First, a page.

SIMSCRIPT Solutions


Health Care


Automated Guided Vehicle System in a Hospital

University of Zagreb; Zagreb, Yugoslavia

The model simulates an automated guided vehicle system (AGVS) with an automated vertical transportation system in a new 1100 bed hospital in Yugoslavia. The goal of the study was to determine the allocation and size of storage space for vehicles, the minimum number of vehicles required, the accomplishment of a transportation network timetable and the queuing situation in the system.

Large quantities of several types of materials have to be transported on a daily basis through the transportation network, including food, linen, sterile materials, medicines, and waste. The quantity of materials that has to be transported and the transportation distribution depend mainly upon the number and spatial distribution of patients, in-patient units and various processing units in the hospital. The dimension of the transportation problem can be seen from the approximate figures of about 35 tons of materials that have to be transported daily and transportation paths that occasionally exceed 400 meters.

The transportation schedule devised for the hospital transportation system has to ensure the accomplishment of the transportation requirements. The transportation schedule sets forth the desired start and finish times for both directions of transportation and for each type of material transported. It also includes the number of shipments of various types with origin and destination nodes for each shipment. The possibility of achieving the transportation schedule depends upon the transportation system capacity, number and characteristics (e.g. speed and capacities) of available transportation devices as well as processing capabilities of the transportation system services (e.g. container wash stations). For some types of materials (e.g. food), the transportation times from central to terminal service station have to be within acceptable limits.

Taking into account the various materials that have to be transported by the system and the technological characteristics of their transportation, the following nine shipment types were identified:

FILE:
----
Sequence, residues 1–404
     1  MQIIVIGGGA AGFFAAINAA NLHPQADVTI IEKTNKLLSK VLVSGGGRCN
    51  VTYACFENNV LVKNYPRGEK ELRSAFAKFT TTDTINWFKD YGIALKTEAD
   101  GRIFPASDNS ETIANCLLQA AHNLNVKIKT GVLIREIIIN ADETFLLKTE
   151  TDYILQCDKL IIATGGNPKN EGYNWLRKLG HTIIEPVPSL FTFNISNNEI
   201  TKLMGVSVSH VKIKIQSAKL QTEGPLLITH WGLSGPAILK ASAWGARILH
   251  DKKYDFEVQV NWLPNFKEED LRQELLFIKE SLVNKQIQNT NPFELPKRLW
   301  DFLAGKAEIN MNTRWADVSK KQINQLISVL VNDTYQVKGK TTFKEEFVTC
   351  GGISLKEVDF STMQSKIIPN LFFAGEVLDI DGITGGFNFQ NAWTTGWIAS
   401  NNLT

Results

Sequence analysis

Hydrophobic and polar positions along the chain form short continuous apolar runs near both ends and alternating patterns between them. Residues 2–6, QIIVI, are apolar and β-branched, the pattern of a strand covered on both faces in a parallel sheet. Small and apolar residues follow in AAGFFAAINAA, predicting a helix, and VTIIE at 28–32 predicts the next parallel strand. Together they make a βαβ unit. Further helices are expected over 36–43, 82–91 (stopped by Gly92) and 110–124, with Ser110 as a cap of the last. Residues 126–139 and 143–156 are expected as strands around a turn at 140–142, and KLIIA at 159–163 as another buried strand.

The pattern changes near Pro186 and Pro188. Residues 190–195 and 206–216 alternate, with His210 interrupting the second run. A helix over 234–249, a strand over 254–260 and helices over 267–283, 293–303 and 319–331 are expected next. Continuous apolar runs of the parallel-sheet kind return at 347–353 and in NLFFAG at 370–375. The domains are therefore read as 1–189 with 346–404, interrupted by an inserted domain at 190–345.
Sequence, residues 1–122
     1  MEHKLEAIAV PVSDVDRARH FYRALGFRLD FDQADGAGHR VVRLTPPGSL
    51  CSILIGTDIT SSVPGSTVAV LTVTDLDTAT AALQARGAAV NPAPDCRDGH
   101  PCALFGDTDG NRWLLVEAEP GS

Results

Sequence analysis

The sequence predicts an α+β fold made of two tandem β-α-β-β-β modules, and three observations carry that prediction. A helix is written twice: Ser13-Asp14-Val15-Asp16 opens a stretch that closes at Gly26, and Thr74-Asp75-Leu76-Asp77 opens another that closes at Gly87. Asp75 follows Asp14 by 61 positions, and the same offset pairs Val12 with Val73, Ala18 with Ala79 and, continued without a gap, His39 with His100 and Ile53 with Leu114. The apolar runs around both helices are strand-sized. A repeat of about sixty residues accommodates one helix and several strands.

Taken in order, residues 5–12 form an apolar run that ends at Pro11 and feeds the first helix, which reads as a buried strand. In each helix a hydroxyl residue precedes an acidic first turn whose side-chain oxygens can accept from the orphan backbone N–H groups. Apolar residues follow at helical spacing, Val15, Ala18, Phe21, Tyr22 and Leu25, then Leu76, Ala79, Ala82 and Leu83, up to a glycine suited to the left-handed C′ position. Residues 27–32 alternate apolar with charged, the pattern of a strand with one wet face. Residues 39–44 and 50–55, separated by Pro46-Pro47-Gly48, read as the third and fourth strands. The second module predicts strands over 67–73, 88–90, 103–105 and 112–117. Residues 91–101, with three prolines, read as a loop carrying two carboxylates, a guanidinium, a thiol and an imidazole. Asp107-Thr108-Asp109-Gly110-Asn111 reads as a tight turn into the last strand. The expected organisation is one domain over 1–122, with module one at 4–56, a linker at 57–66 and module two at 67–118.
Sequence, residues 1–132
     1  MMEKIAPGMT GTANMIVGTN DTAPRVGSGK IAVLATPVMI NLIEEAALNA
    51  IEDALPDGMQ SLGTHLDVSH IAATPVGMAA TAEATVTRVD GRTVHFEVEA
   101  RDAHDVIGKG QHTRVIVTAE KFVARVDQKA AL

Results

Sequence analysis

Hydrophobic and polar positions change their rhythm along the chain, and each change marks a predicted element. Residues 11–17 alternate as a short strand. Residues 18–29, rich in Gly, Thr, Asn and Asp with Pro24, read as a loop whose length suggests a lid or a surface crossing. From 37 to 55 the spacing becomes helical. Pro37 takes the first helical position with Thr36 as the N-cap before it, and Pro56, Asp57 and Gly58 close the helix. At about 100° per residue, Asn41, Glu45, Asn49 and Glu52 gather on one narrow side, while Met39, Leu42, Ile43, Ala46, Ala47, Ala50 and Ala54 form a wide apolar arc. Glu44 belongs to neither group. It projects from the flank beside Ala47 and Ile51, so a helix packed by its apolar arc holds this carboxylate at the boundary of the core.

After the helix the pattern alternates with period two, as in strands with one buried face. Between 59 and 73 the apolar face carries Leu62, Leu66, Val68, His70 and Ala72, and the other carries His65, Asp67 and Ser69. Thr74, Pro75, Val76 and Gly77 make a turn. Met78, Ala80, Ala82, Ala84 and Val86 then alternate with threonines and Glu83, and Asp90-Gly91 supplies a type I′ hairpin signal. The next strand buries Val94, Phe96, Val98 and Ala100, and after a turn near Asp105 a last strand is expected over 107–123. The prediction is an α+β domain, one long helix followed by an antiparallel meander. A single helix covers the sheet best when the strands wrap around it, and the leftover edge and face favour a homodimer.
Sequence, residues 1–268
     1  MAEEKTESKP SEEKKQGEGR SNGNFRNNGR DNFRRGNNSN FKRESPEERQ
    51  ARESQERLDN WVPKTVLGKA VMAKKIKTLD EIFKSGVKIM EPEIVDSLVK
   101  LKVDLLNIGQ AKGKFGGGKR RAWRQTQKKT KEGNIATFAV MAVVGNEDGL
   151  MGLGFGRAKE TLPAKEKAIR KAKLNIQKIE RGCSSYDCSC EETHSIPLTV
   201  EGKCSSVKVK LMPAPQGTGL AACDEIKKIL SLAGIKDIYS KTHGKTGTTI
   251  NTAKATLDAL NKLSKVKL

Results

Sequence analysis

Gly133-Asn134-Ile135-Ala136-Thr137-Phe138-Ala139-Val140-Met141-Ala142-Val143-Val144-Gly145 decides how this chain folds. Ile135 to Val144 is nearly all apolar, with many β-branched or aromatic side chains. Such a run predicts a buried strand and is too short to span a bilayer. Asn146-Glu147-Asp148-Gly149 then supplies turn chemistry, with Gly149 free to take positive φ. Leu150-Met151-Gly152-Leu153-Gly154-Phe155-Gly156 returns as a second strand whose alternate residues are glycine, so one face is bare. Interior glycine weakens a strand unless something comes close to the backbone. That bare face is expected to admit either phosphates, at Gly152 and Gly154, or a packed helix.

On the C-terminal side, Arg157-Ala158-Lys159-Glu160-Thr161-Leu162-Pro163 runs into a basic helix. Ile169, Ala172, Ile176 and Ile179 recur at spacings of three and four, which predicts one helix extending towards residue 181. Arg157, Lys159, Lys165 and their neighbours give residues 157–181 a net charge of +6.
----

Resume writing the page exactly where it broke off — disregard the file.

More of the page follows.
1. Food for patients and return of their dishes
2. Food for personnel and return of their dishes
3. Departure of food remains
4. Clean and dirty linen
5. Sterile materials and return of materials for sterilization
6. Departure of waste
7. Different materials (main to process storages)
8. Different materials (process to main storage)
9. Other materials

Each of these shipments requires different kinds of transportation including special transportation nodes, modes of releasing vehicles, processing, number of processing cycle repetitions, etc. Each day more than 350 shipments have to be undertaken in order to fulfill the hospital transportation requirements.

The simulation study met the expectation of engineers and managers conducting the AGVS construction and enabled them to design and validate the hospital transportation system properly. The simulation study helped also to alter the preconceived plan of vehicle base positions for which it was shown that a higher vehicle base capacity was required.

During the whole simulation study, the simulation team had a number of meetings with the client's managers and engineers discussing the simulation study goals, AGVS operation logic, the simulation modeling approach, and the simulation results. At the end of the study, the clients accepted the results of the study, which became part of the hospital transportation system documentation. It was explicitly stated by the clients that the simulation modeling helped them both to acquire a new view of transportation system analysis and to obtain more efficient and reliable results than with the classical engineering approach. Since the hospital construction was finished more than six months after the AGVS simulation study, the implementation of the study results is expected in the hospital equipping phase which is planned in the near future.

Alternatives Considered: GPSS

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